Staunton National Cemetery
Office Hours: Monday thru Friday 8:00 a.m. to 4:30 p.m.
Closed federal holidays except Memorial Day and Veterans Day.
Visitation Hours: Open daily from dawn to dusk.
Staunton National Cemetery is closed to new interments. The only interments that are being accepted are subsequent interments for veterans or eligible family members in an existing gravesite. Periodically however, burial space may become available due to a canceled reservation or when a disinterment has been completed. When either of these two scenarios occurs, the gravesite is made available to another eligible veteran on a first-come, first-served basis. Since there is no way to know in advance when a gravesite may become available, please contact the cemetery at the time of need to inquire whether space is available.
The cemetery may be reached from Interstate Highway 81; take Exit 222 to Route 250. Proceed west towards Staunton one mile. The cemetery is on the right.
Fax all discharge documentation to the National Cemetery Scheduling Office at 1-866-900-6417 and follow-up with a phone call to 1-800-535-1117.
This cemetery is administered by Quantico National Cemetery. Please contact them at the number listed above.
Cemetery policies are conspicuously posted and readily visible to the public.
Floral arrangements accompanying the casket or urn at the time of burial will be placed on the completed grave. Natural cut flowers may be placed on graves at any time of the year. They will be removed when they become unsightly or when it becomes necessary to facilitate cemetery operations such as mowing.
Artificial flowers and potted plants will be permitted on graves during periods when their presence will not interfere with grounds maintenance. As a general rule, artificial flowers and potted plants will be allowed on graves for a period extending 10 days before through 10 days after Easter Sunday and Memorial Day.
Christmas wreaths, grave blankets and other seasonal adornments may be placed on graves from Dec. 1 through Jan. 20. They may not be secured to headstones or markers.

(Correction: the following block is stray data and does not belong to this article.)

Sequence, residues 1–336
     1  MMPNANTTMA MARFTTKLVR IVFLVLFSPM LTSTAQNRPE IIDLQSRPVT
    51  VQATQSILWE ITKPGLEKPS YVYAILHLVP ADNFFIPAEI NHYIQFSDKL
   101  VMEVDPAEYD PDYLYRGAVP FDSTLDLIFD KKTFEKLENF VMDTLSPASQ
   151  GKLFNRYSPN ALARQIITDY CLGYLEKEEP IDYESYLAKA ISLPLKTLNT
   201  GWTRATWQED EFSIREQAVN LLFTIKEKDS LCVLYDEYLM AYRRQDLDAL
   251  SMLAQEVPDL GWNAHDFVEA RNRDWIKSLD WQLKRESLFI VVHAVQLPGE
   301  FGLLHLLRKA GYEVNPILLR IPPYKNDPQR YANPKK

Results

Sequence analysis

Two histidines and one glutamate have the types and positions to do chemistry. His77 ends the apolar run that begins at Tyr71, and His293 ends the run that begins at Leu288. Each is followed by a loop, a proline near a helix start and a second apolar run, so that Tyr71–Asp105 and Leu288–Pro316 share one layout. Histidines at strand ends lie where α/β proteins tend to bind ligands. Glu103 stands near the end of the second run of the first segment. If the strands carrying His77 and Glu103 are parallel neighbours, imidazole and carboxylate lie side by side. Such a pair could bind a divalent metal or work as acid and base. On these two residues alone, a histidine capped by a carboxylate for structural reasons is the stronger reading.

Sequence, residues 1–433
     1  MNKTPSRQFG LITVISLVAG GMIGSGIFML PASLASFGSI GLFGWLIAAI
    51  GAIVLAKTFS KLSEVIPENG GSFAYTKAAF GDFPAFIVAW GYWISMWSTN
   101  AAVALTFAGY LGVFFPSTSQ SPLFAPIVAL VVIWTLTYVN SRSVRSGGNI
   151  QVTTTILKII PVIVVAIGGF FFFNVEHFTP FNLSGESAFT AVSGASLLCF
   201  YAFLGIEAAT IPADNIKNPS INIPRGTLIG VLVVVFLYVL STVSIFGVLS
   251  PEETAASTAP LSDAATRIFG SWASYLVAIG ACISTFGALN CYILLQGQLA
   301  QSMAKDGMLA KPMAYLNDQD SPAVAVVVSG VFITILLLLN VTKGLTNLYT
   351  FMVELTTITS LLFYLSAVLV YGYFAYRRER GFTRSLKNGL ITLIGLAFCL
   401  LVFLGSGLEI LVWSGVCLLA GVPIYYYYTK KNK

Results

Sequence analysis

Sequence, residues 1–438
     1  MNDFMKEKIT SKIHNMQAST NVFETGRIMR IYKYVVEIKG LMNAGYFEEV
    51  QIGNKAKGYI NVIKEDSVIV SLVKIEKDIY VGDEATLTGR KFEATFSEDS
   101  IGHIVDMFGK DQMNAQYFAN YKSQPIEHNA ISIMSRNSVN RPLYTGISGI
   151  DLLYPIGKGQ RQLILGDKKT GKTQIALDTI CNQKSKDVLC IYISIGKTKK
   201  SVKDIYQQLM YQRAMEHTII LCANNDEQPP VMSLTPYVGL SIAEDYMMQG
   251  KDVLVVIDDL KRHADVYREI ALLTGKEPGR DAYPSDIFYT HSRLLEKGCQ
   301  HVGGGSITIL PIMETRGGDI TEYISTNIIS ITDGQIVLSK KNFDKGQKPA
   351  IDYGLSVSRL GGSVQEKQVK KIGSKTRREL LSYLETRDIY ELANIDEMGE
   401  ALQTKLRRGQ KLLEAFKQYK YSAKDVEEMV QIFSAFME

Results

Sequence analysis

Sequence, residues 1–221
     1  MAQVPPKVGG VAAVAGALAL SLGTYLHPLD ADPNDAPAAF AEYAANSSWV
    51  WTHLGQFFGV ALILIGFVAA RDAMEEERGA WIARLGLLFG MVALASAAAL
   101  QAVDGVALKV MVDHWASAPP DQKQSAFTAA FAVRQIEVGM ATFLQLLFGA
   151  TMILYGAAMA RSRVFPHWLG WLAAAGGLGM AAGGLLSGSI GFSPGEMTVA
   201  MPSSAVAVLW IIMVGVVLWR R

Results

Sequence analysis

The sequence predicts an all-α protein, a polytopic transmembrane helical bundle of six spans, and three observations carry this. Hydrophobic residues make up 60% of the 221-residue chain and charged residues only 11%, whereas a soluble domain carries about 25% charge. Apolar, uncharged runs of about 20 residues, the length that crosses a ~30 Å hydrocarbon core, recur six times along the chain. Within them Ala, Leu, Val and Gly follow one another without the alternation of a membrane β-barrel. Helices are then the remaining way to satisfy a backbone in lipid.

Permanent plantings, statues, vigil lights, breakable objects and similar items are not permitted on the graves. The Department of Veterans Affairs does not permit adornments that are considered offensive, inconsistent with the dignity of the cemetery or considered hazardous to cemetery personnel. For example, items incorporating beads or wires may become entangled in mowers or other equipment and cause injury.
Permanent items removed from graves will be placed in an inconspicuous holding area for one month prior to disposal. Decorative items removed from graves remain the property of the donor but are under the custodianship of the cemetery. If not retrieved by the donor, they are then governed by the rules for disposal of federal property.
VA regulations 38 CFR 1.218 prohibit the carrying of firearms (either openly or concealed), explosives or other dangerous or deadly weapons while on VA property, except for official purposes, such as military funeral honors. Possession of firearms on any property under the charge and control of VA is prohibited. Offenders may be subject to a fine, removal from the premises, or arrest.
Staunton National Cemetery is located in the Shenandoah Valley approximately one mile east of downtown Staunton, Va.
The 1.15-acre plot of land was designated a national cemetery in September 1868. Original interments were the remains removed from the city cemetery at Staunton as well as Cross Keys, Port Republic, and the Waynesboro area. Of the original 749 interments, 518 were unknown.
Staunton National Cemetery was listed on the National Register of Historic Places in 1996.
Monuments and Memorials
There are no monuments or memorials located at Staunton National Cemetery.
Buffalo Soldier Nicolae Dunca was born in 1837, in Transylvania, Romania, came to the United States in December 1861. He enlisted in the Union Army in 1862 and due to his past military experience, was appointed captain of the 12th Infantry Regiment. Dunca was killed in action at the Battle of Cross Keys on June 8, 1862, and was still a Romanian citizen at the time of death. He was buried at Perkey's Farm, Cross Keys, Va., and his remains were moved to Staunton (Section B, Grave 292).